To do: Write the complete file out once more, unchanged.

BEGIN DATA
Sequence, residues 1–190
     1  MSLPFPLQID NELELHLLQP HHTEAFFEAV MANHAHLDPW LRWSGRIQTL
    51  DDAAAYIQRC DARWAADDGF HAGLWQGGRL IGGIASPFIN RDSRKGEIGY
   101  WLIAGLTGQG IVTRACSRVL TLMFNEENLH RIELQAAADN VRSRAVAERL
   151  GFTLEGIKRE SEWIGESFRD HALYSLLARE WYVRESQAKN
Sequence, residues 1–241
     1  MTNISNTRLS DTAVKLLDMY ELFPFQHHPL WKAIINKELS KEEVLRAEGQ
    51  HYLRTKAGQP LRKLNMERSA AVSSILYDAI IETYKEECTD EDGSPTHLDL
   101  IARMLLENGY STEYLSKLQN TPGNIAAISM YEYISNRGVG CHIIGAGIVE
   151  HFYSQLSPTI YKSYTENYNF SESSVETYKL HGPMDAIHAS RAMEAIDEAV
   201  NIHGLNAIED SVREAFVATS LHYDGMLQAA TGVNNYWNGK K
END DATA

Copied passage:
Sequence, residues 1–190
     1  MSLPFPLQID NELELHLLQP HHTEAFFEAV MANHAHLDPW LRWSGRIQTL
    51  DDAAAYIQRC DARWAADDGF HAGLWQGGRL IGGIASPFIN RDSRKGEIGY
   101  WLIAGLTGQG IVTRACSRVL TLMFNEENLH RIELQAAADN VRSRAVAERL
   151  GFTLEGIKRE SEWIGESFRD HALYSLLARE WYVRESQAKN
Sequence, residues 1–241
     1  MTNISNTRLS DTAVKLLDMY ELFPFQHHPL WKAIINKELS KEEVLRAEGQ
    51  HYLRTKAGQP LRKLNMERSA AVSSILYDAI IETYKEECTD EDGSPTHLDL
   101  IARMLLENGY STEYLSKLQN TPGNIAAISM YEYISNRGVG CHIIGAGIVE
   151  HFYSQLSPTI YKSYTENYNF SESSVETYKL HGPMDAIHAS RAMEAIDEAV
   201  NIHGLNAIED SVREAFVATS LHYDGMLQAA TGVNNYWNGK K